The world-renowned awards, which will be held on April 22, in the Leicestershire town of Melton Mowbray, are now in their seventh year.
A few simple pie rules must be adhered to though: all pies must be totally encased in pastry with a closed top and fit into one of the pre-assigned classes. All pies, except the specialist class (see below), must also be commercially available.
Matthew O’Callaghan, Chairman of the British Pie Awards, enthuses:
“Each year we launch the awards to encourage innovation in pies and we’re never disappointed. l can’t wait to see what the 2015 awards bring. In 2014 we had everything from salt beef and gherkins to pastrami and pickle and even a squirrel pie!”
Each year the British Pie Awards have a specialty class that allows entrants to get creative with their baking. The standards are the same, but this class is all about the ‘showstopper’, with more decoration and freedom to choose filling and pastry type. It also does not have to be commercially available.
In 2014 the class was well received with “Pies Fit for a Hero”, which also allowed those from the Armed Forces to enter their creations.
In 2015, the specialty class will be the “Bride’s Pie”, harking back to days of old before the traditional cake we know today was wedding custom. Prior to the 17th Century, pie – sweet and savory – rather than cake was served at most weddings and guests would often bring a pie as a gift. Furthermore, in a tradition predating the throwing of the bouquet, a glass ring was placed at the centre of the Bride’s Pie and the guest who got the piece with the ring was considered the next to be wed.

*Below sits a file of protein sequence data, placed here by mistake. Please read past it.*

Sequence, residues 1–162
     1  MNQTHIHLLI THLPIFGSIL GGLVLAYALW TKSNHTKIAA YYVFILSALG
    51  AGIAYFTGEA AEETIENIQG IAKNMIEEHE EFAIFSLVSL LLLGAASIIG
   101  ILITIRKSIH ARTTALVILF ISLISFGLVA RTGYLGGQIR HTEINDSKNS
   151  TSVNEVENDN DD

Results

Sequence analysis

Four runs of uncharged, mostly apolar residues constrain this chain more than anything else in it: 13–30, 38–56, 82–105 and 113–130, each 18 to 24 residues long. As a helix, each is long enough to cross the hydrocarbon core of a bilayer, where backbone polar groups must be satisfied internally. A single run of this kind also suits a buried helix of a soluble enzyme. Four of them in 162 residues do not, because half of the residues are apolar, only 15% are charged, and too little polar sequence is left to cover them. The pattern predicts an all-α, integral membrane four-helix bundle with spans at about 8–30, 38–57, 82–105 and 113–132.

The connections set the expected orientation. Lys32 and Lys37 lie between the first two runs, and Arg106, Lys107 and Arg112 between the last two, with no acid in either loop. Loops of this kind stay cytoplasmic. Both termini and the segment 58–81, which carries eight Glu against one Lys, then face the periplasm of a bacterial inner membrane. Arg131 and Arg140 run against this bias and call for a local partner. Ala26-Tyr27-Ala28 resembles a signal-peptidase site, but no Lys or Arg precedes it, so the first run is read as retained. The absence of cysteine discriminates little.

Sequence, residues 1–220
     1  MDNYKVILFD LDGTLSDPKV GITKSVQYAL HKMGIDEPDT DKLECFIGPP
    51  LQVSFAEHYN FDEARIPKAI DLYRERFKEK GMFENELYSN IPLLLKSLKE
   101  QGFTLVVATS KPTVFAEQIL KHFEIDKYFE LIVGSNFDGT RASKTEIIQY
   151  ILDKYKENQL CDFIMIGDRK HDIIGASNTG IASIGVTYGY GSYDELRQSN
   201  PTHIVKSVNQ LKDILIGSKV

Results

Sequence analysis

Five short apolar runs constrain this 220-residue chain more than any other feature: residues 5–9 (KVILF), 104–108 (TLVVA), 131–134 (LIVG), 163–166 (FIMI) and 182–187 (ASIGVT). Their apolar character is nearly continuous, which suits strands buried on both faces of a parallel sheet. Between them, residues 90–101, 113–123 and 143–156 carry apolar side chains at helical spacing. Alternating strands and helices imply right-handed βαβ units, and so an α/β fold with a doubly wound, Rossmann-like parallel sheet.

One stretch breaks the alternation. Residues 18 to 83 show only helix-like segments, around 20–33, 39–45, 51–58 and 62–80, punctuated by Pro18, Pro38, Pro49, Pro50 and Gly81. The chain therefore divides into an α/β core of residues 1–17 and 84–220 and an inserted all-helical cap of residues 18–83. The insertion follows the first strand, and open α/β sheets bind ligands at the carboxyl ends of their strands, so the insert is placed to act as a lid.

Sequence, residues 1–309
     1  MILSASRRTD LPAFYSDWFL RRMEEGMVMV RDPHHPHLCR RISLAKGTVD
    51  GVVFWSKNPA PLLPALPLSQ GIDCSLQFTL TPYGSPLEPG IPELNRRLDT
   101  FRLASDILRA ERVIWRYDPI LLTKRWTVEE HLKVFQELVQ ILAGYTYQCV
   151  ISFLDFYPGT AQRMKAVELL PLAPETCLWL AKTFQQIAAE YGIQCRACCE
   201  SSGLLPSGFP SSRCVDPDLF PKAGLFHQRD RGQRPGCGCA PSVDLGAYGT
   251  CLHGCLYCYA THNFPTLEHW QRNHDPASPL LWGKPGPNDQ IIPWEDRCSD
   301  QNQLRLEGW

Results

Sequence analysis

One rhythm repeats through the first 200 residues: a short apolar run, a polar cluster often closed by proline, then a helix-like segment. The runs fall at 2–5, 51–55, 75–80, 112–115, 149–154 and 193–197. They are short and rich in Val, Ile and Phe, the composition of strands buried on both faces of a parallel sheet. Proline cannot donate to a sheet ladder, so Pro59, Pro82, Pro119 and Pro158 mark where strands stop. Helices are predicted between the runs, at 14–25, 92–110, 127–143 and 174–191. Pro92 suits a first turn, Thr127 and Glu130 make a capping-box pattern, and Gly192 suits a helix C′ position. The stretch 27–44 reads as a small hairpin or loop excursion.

2015 is expected to break entry records as the classes expand to 20 classes to include a wider range of pies and one of the new classes is a “Free From” class, only allowing entries from pies that are free from gluten.
Proper Pies Ltd, the producers that won in the Beef & Ale class in the 2014 awards, did so with their gluten free beef, Guinness and root vegetable pie. Gary Davies from the company says that developments in dietary needs have made the new free from class very timely; “we’re sensitive to the developments in the food market which is why we entered this pie last year,” he said.
“This new class will hopefully encourage other manufacturers develop contemporary recipes that can be enjoyed by everyone.”
Alongside the “Free From” and “Bride’s Pie” classes, 18 further classes have opened to allow pie perfection in all its forms.
From various meat pies to vegetarian and dessert pies, through to pies sold commercially in pubs and football stadiums, there’s a class to suit every producer.
Source: World Bakers